There is more than one way to getting your extra mouse buttons to work in Linux. However the results vary from mouse to mouse, and there is no guarantee that any of these tricks will work.
First off if you like to use those extra side buttons to navigate in a browser( Example: back and forward). Then you might find that firefox already does this for you. This is because firefox has that feature hardcoded in. So it may work from the start for you. If not then here is something you can try.
You will have to make some edits to your xorg.conf file.
So open up a terminal and type: sudo gedit /etc/X11/xorg.conf
Find the section that looks like this:
Identifier "Configured Mouse"
Option "Device" "/dev/input/mice"
Option "Protocol" "ImPS/2"
Option "ZAxisMapping" "4 5"
Option "Emulate3Buttons" "true"
It should look something like that.
First thing you can change is to comment out the line that says Option "Emulate3Buttons" "true"
. Since your mouse probably has a scroll wheel.
So it would now look like this: B]#Option "Emulate3Buttons" "true"[/B]
Next, make sure the Driver Xorg is using is the “mouse” driver. This is already correct in the above example code.
You can leave the Option “CorePointer” there, and the same with the Option “Device”. You do NOT want to change this if your mouse is already working. However, if your mouse is not working then you would want to change the location path (Example of other location paths you might try: /dev/mouse, /dev/input/mouse)
The next thing you will want to change is the Option “Protocol”. You will want to replace “ImPS/2” (or what ever is there) with “ExplorerPS/2”.
So the line would look something like this: Option "Protocol” “ExplorerPS/2”
Now you want to add the follow option in with the others:
Option “Buttons” “7”
The number of buttons depends on the number of buttons on your mouse, but remember that the scroll wheel counts as 3.
Make sure the option “ZAxisMapping” is present and has the parameter “4 5”.
If your mouse has two scroll wheels or a mouse that has a scroll that tilts side to side then you can try the parameter “4 5 6 7”. So either:
Option “ZAxisMapping” “4 5”
Option “ZAxisMapping” “4 5 6 7”
(depending on your needs)
Also one other thing you can add is the resolution, that is if your mouse supports a high resolution, like most current gaming mice do.
Just add: Option “Resolution” “1800”
(the 1800 can be what ever the highest you mouse can support, for mine thats 1800).
That is all for the xorg.conf file so save it, but before you restart Xorg, you still should do a few more things to make your life easier.
Using you favorite simple text editor (Example: vi, vim, nano, gedit, kate) open a new text document and type: pointer = 1 2 3 4 5 6 7
Now save this text file as .xmodmap
and save it in your home directory (Example: /home/username).(Remember “username” needs to be replaced by your real username)
Now if your a KDE user, you can do the following:
Add the following into a new text file: xmodmap ~/.xmodmap
and save it as startup.sh
is the following directory: /home/username/.kde/Autostart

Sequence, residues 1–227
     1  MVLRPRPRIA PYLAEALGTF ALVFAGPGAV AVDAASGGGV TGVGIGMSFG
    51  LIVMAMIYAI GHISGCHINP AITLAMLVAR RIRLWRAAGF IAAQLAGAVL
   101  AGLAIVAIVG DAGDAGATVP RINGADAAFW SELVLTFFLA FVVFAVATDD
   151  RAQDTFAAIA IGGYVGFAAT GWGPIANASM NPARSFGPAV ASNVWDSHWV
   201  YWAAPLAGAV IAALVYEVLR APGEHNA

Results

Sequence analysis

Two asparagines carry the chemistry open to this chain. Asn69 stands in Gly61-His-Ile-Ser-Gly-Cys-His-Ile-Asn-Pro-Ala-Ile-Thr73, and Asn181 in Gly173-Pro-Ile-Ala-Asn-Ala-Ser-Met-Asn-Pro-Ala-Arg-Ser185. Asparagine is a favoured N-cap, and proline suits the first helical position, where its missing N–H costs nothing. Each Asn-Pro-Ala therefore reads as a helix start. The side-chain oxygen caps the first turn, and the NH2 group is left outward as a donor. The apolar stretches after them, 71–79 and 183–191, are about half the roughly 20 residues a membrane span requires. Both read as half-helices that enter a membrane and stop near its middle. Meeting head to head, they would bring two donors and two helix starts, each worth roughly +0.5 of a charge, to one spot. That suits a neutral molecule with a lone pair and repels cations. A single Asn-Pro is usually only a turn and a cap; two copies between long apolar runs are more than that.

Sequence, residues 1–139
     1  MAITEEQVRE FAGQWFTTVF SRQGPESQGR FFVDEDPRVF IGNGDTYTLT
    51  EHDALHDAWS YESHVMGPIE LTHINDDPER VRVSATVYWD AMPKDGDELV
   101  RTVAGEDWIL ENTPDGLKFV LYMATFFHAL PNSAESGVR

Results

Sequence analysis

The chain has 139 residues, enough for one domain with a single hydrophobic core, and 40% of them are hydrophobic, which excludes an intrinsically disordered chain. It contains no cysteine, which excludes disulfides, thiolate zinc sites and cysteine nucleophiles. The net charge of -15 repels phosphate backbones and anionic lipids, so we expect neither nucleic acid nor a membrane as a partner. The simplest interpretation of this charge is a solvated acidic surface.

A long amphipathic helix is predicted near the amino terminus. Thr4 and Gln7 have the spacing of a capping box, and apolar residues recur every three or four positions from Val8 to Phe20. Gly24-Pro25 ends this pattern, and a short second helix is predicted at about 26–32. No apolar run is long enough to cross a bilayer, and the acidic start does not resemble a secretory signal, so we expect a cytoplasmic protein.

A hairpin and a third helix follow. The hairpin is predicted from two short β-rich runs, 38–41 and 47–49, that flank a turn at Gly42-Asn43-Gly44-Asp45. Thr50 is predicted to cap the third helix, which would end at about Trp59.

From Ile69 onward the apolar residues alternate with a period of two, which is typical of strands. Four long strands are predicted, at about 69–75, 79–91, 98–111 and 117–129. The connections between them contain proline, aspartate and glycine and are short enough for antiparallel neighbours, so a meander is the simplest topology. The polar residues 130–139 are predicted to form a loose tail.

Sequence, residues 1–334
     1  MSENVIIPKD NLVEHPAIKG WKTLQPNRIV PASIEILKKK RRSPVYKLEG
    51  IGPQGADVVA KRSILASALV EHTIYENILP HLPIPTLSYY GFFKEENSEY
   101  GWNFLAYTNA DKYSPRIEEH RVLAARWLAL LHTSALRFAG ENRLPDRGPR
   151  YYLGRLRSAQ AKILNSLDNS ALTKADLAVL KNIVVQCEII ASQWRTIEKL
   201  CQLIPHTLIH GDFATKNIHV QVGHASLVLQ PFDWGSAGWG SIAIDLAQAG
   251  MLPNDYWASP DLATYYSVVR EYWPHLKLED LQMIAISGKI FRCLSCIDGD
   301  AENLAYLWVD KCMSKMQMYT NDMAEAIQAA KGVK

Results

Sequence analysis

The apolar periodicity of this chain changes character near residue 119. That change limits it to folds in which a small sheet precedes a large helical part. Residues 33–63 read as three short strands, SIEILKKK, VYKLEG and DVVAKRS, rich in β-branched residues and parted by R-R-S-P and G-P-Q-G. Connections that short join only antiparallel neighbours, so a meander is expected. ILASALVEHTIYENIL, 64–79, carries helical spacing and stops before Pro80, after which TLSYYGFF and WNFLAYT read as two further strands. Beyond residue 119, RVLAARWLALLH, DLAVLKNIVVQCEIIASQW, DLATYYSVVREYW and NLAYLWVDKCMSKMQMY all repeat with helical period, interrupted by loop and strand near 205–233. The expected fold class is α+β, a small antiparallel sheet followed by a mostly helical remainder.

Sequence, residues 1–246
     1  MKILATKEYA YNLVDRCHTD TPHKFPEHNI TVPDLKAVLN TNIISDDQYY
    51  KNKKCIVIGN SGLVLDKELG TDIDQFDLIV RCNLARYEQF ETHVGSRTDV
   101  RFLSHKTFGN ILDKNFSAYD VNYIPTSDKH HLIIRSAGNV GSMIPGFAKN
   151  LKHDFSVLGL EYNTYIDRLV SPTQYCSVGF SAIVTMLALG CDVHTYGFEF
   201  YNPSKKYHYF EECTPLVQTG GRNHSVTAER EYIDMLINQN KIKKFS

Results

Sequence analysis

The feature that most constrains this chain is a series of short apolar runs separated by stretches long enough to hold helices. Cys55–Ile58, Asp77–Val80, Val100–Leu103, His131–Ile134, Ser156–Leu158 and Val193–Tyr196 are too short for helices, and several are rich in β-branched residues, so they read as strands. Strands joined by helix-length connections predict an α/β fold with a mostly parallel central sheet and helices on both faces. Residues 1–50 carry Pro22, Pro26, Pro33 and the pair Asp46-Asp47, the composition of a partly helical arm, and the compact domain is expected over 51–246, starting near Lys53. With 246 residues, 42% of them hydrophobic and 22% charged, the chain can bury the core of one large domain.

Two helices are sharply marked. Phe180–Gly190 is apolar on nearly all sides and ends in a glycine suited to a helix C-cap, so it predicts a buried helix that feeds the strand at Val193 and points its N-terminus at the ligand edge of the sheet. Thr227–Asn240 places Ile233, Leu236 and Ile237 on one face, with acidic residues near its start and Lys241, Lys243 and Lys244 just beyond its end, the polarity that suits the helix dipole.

And in a terminal type: chmod +x /home/username/.kde/Autostart/startup.sh
Now the command: xmodmap ~/.xmodmap, is run everytime you log into KDE.
For Gnome users, you should be able to do the same instructions for the KDE users, but just change the location where you save the file startup.sh. However I am not that similar with Gnome, so I am not sure if there is an Autostart folder or not.
If you are not a KDE user and a confused Gnome user, then you can try the following.
See if the file .xinitrc exist in one of the two following locations: /root , or /home/username
To see if its there, try running the following two commands in the terminal:
sudo ls -a /root/ | sed -n /.xinitrc/p
<-need to be root, so thats why sudo is added.
ls -a ~/ | sed -n /.xinitrc/p
<-run as your normal user
If one of these locations has the .xinitrc file then open it in your favorite text editor: (NOTE: If the file .xinitrc is in both of these locations, then you can either edit both of them or the one that is in the users account home that you log into the most. Changing it in one location doesn't change it in the other).
Example (in a terminal): kate /path/.xinitrc
(add sudo to the front if .xinitrc is in the directory /root)
Now add the following line to .xinitrc: xmodmap /path/to/file/.xmodmap
Save .xinitrc. The file .xinitrc is ran everytime Xorg is started.
NOTE: If you are a KDE user and you have a .xinitrc file, then it does not matter which of the above methods you choose. Just don't add it to both.
Now that this is all done you can restart Xorg (either by login out and then back in or by pressing <ctrl>+<alt>+<backspace key>).
Now in a web browser you should hopefully be able to use the thumb buttons on your mouse as back and forward buttons.
If you wanted to use the extra mouse buttons to execute a program then look into a program called IMWheel.
Home Page: http://imwheel.sourceforge.net/
Some one else's Howto on it can be seen here: http://legroom.net/howto/mouse
I didn't feel like writing anything up on that since I have little experience with IMWheel.
Some thing that might help you if you want to use IMWheel: http://imwheel.sourceforge.net/imwheelrc
Again I just want to say that there is no guarantee that any of the above will work, but I am able to have my thumb buttons on my mouse work as back and forward. Mouse is a Logitech MX518.